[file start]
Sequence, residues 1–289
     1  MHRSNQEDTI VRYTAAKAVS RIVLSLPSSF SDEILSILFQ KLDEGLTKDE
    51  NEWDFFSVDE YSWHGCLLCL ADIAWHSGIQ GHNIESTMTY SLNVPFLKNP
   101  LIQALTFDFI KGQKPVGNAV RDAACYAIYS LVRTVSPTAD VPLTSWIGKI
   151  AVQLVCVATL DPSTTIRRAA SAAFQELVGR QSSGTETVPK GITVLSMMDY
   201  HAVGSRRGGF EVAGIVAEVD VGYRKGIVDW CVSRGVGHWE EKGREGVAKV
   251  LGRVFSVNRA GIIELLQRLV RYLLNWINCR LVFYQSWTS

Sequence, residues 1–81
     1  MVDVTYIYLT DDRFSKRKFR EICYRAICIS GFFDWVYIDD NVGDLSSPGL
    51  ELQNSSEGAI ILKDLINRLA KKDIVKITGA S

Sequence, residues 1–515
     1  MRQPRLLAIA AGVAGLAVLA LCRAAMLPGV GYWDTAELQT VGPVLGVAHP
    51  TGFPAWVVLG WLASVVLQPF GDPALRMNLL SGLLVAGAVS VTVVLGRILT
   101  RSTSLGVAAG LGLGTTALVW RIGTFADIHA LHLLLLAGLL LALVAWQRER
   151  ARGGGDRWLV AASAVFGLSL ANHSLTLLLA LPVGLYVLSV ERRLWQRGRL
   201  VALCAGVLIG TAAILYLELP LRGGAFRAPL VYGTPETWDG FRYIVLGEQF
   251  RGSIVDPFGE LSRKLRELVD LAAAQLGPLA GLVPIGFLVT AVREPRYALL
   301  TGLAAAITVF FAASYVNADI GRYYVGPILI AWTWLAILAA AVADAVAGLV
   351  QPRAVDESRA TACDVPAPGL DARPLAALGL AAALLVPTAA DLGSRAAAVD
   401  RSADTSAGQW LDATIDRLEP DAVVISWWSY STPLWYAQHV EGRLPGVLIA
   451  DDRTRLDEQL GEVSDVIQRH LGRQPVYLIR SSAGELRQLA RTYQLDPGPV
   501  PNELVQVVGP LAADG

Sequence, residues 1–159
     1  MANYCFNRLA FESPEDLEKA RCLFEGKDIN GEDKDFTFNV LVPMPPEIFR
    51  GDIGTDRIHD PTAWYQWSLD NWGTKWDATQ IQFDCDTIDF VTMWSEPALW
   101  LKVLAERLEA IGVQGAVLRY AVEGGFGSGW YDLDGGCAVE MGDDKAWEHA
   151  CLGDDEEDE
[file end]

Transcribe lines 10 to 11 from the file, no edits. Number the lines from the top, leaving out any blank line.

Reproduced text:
    51  ELQNSSEGAI ILKDLINRLA KKDIVKITGA S

Sequence, residues 1–515